Decorating ideas for Tracy’s knotty pine kitchen — Readers, chip in!

Tracy wants our ideas on how to perk up her knotty pine kitchen. What do you think, Retro Renovation Squad? Tracy writes:

Hi Pam! My husband and I bought a 1962 ranch house in Nashville about 3 years ago and I’ve been wanting to somehow “update” the kitchen but still keep the mid-century feel. It’s a knotty pine kitchen with aqua formica countertops and a sort of aqua, peach, and ivory speckled linoleum floor. Everything is in really good shape and functional and the layout works for us. The thing we’re having some discussion about is the knotty pine on the walls and cabinets. I’m not a huge fan of it. I mean, I like it, but I just don’t like so much of it. Honestly, I’m not really sure what direction to go with it. I was wondering if you or your readers could make some suggestions of things we could do to kind of brighten the room up without changing the character, which we appreciate and love.


Tracy, you may be new and not quite know it yet, but we are generally nutty for knotty in these here parts. So be forewarned. See this post about Eartha Kitsch’s knotty pine kitchen. And, you might like this story on “heart pine” — the expensive stuff, which I tend to believe you have in your kitchen, given it still looks so great.

In our email back-and-forth to get prepared for this post, I ask Tracy some more questions. First, with the pics, she says:

Yay! Thanks! Here are some pics. The area with the microwave/cart/mess of rubbermaid storage containers is the bane of my existence. Storage is an issue for us in the kitchen and we want to get some sort of behind-doors storage instead of that open microwave cart with all the pet food/crap thrown in the bottom. And the red/green/clear rubbermaid containers are for recycling, but we need to figure out another solution for the recycling/garbage that is functional and sort of funky and visually pleasing at the same time. The ceiling fan hasn’t worked since we moved in – the light is broken on it, so lighting will have to be addressed as well. Thanks again!

Then, I ask her to tell us more about how she and her husband (as yet unnamed, along with the doggie) got into the house. Ahhh! Ford is involved again. They should sponsor my blog. She writes:

Sure…we live in Nashville and bought our house about 3 years ago after an EXTENSIVE house search. We were looking for over a year before we found the house actually. In the beginning of our search, our agent was taking us to newer subdivisions, I guess because that’s what most people she works with want, but we didn’t really care for any of the newer homes. They all seemed the same….didn’t have any character or any sort of story to tell. Then we stumbled on this neighborhood called Charlotte Park and totally fell in love with it. All of the houses are mid-century ranch homes, built in the early to mid 60s for employees of the now defunct Ford Auto glass plant. Ford built a plant here in 1956 to provide glass windshields and windows for their cars and our neighborhood, Charlotte Park, grew up around it for employees of the glass plant. I believe that Ford even provided some money to help build some of the homes. The streets are all named after Ford products….Cougar Drive, Edsel Drive, Thunderbird Ave. and, our personal favorite, Mercomatic Drive. Our street is called River Rouge Dr., named after the original Ford River Rouge Complex in Dearborn Michigan. Anyway, we love the story of this neighborhood, we love the people, and we love the homes. We particularly love our home – it’s not too big (we love the “not-so-big” home ideas), it’s solidly built, and it has a lot of character and just feels warm, if that makes any sense! We knew it was perfect for us as soon as we saw it.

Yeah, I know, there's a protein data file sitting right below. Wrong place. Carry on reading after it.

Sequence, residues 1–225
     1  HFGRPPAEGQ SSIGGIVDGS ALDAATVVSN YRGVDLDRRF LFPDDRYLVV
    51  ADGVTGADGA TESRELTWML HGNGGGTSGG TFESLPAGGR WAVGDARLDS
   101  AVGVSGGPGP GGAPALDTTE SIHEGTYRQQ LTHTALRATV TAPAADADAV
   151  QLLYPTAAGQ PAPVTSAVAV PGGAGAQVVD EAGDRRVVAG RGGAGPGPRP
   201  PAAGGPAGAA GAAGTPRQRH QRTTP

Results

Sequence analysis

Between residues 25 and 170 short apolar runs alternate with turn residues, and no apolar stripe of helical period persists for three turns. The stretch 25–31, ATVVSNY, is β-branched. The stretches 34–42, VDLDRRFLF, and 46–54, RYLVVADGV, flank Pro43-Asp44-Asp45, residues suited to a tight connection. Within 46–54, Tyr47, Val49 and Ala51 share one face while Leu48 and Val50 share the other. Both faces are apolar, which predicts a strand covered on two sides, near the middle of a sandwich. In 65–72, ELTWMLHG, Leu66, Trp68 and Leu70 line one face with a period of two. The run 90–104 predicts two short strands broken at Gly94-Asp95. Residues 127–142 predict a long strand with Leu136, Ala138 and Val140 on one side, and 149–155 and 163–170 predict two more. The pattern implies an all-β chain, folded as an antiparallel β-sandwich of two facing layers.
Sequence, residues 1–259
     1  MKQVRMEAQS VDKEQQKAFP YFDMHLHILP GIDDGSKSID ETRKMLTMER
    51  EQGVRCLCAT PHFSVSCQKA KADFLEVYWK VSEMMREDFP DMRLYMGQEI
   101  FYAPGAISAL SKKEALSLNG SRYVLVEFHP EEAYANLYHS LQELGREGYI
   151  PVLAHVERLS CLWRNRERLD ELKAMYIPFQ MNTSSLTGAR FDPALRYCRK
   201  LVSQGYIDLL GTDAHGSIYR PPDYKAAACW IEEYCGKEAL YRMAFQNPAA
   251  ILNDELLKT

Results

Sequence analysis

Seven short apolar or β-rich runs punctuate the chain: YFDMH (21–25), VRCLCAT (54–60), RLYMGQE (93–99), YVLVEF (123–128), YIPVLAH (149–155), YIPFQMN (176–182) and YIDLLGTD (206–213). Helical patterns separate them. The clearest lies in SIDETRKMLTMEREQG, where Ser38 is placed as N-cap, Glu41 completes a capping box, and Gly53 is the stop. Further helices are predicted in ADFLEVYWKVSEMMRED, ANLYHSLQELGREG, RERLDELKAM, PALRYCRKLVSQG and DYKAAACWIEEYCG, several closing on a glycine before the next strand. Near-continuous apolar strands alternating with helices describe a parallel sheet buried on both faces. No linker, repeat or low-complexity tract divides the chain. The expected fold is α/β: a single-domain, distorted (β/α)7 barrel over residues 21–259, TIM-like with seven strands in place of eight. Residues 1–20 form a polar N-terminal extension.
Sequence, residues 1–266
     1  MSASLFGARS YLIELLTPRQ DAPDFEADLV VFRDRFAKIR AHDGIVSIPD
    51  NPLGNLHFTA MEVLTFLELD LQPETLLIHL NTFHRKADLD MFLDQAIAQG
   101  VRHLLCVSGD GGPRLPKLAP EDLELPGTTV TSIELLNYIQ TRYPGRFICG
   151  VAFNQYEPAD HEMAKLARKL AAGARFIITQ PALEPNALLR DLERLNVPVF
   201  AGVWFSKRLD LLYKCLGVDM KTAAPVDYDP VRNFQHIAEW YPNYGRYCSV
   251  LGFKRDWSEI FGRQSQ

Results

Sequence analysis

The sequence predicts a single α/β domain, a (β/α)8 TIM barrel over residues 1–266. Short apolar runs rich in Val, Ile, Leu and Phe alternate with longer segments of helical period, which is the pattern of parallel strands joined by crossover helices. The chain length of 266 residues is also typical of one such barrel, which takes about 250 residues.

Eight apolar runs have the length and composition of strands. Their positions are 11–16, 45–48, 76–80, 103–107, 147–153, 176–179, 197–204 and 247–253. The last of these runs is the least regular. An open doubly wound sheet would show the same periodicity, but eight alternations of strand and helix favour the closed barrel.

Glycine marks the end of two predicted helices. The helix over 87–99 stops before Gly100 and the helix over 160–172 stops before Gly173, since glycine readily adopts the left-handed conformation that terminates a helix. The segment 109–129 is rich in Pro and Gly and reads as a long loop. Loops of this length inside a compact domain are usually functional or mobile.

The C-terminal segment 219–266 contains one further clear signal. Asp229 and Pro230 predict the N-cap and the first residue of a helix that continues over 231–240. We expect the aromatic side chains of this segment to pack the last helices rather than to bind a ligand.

So, gentle readers… whatcha got for Tracy?

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  1. amy says

    Loved looking at your pics because it reminds me of my house. We have knotty pine cabinets and an adjoining pine den. We put LED thin under cabinet lighting, not the pucks but long bright ones. Big difference. We added a travertine subway tile backsplash, black stone counters, and a black island. I think black helps anchor the room even though it is a dark color. I also think the idea of pulling off some boards and making a built in cabinet with them is a great idea. We have red accents to give a splash and light green walls.
    best of luck

  2. Janice Black says

    I’m sure Tracy has long ago gotten her kitchen sorted out, but in case someone with similar issues comes across this post, I just wanted to say that the knotty pine cabinets in my 1950’s ranch kitchen have a pickled finish that lightens them up quite a bit so that IMHO they’re not so overwhelming. I guess the idea was to “antique” them (since the original owners were into retro, too, but to them that meant Early American!)

    I’m not sure if “pickling” can be attempted as a refinish job or not, but it might be possible. Actually, if anyone knows, I’d like to hear from you, because currently I’m trying to figure out how to keep the pickled look on my cabinets while doing some much-needed refinishing where spots have worn away around the cabinet knobs.